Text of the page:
Given how far home starts have fallen below their historical norm and that they are now considerably below their prior nadir, the assumption is that their potential for further decline is both unlikely and limited. Even if home starts were unexpectedly to decline by 100,000 next year to a new all time low, that drop would pale in comparison to the drop of 1,524,000 starts between 2005 and 2009. Thus, there appears to be limited potential for a further decline in housing starts, and even if a decline took place, it would result in a far lesser loss to GDP.

Without a further significant and unlikely decline in new home construction, a renewed retreat into recession is also unlikely. While a severe drop in housing production was at the core of the recent recession, the low potential for further decline suggests that we are not positioned for a repeat performance any time soon. A sharp drop in some other component of GDP potentially could lead to a renewed recession but no other key component currently looks positioned for such a setback.

Another upside of the downside is how far the inventory of unsold newly built homes has fallen. New home inventory has now recorded 34 straight months of declines and has not recorded a monthly increase since May 2007. New home inventory on a seasonally-adjusted basis declined to 210,000 units in June, the lowest level since 1968. Inventories are at less than half their peak levels in 2005-06. Rising demand and low inventories create the basis for accelerated growth. The combination of these factors is the basis of many economists' optimistic scenarios for home construction to drive GDP higher.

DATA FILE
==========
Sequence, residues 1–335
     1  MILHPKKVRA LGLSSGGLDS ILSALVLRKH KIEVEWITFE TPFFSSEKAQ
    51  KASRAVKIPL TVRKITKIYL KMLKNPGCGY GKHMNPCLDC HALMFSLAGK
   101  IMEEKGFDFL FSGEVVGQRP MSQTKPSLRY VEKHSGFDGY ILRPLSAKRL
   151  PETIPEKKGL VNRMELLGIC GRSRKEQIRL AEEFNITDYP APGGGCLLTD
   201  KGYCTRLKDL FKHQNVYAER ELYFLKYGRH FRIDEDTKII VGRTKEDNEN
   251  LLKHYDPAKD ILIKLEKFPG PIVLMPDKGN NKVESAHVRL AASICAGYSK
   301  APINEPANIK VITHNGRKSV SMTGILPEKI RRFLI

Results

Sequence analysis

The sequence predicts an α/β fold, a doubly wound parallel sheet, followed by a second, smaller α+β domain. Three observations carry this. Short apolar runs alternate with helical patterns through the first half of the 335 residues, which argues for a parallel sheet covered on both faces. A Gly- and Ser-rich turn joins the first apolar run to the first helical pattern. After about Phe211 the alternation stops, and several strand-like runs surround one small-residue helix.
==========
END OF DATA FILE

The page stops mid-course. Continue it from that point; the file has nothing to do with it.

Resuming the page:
The potential improvements in home construction and seemingly limited potential for further declines are in fact major components of predictions by some economists that the United States will experience healthy growth and avoid a retreat into another recession. In June, the Federal Reserve minutes contained the following prediction:

"Looking further ahead, the central tendencies of participants' projections for real GDP growth were 3.5 to 4.2 percent in 2011 and 3.5 to 4.5 percent in 2012. Participants generally expected a rebound in spending on housing, consumer durables, and business capital equipment."

For housing, the underlying assumptions are that starts will revert back toward their historic norms and home production will ramp up due to low inventories. If these projections play out as predicted, new home starts will increase by at least 15 percent annually during the next two years in order to achieve the projected gains in GDP.

If the Fed's predictions of a cyclical bounce back prove accurate, the economy will be climbing at a favorable rate and the stock market should respond favorably.

But beyond the major cyclical trends, a host of factors will ultimately determine the rate of new home construction: (1) the inventory levels for existing homes, which may increase with additional foreclosures; (2) the vacancy rate in existing homes; (3) the level of household formation; (4) the rate of increase in national employment; and (5) the level of interest rates for mortgages. All of these markers bear close scrutiny.

Will the cyclical assumptions of the Federal Reserve prove right? This is a matter of considerable debate and there are some very prominent detractors. For the investor, it is very important to understand and keep in mind these assumptions. The wise investor will watch to see whether there are improvements in home construction that match the expectations for healthy GDP growth going forward.